Between the socially disorienting echo of apartheid, high crime rates and HIV/AIDS, South Africa is struggling under a lot of extra weight. The group that too often bears the brunt of it is kids. South Africa has a much higher number of orphans than it should. Adult guidance of kids is sometimes in short supply. To make up in part for that, Infinite Family has stepped up.

Infinite Family connects mentors anywhere in the world with South African teens in need of adult guidance, advice and support. These "net buddies" connect via weekly video conferences.

Amy Stokes and Dana Gould, two of the founders, and the rest of the Infinite Family crew, have created a virtual environment they call Ezomndeni Net. Ezomndeni is a Zulu for "all things pertaining to family." This EZ Net is accessed by a secure dashboard.

Mentors sign up for at least a half-hour chat every week for a year. Additional online resources include interactive forums, live chat, an online game area and a "web link pod," where a mentor and net buddy can do homework and explore the web together. The site also has an "SOS" button kids can use when they are having and emergency and need to talk. 400 volunteers and members of the board have helped connect around 300 teens, called with 200 mentors so far.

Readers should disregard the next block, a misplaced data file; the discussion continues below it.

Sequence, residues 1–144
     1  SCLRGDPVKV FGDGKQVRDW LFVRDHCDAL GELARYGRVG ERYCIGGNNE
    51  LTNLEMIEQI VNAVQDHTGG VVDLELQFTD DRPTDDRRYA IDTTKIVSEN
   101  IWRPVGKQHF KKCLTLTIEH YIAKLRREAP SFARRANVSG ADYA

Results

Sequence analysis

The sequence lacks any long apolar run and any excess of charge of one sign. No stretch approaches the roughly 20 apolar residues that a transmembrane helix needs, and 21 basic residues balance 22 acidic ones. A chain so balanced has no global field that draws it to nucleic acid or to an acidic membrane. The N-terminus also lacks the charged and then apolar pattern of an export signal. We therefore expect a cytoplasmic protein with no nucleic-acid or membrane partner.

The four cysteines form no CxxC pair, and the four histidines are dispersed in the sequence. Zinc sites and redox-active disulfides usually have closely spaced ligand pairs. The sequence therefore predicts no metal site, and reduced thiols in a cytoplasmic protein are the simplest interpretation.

Any member of the EZ Net can become friends with any other member.

The need for an adult presence is not just practical, but elemental. As Stokes told CNN, who made her their first CNN Hero of 2011:

"If none of the adults you care about has ever lived past 35, then why would you think you can? Why would you stay in school; why would you learn skills?"

Anyone can sign up to be a mentor, though any applicant is thoroughly vetted and trained.

In addition to this example of the point of adulthood and guidance to help the kids succeed in their lives, the weekly talks build communications, English and technical skills that will help them as they grow up. Infinite Family has build five computer labs across South Africa that it operates for its net buddies.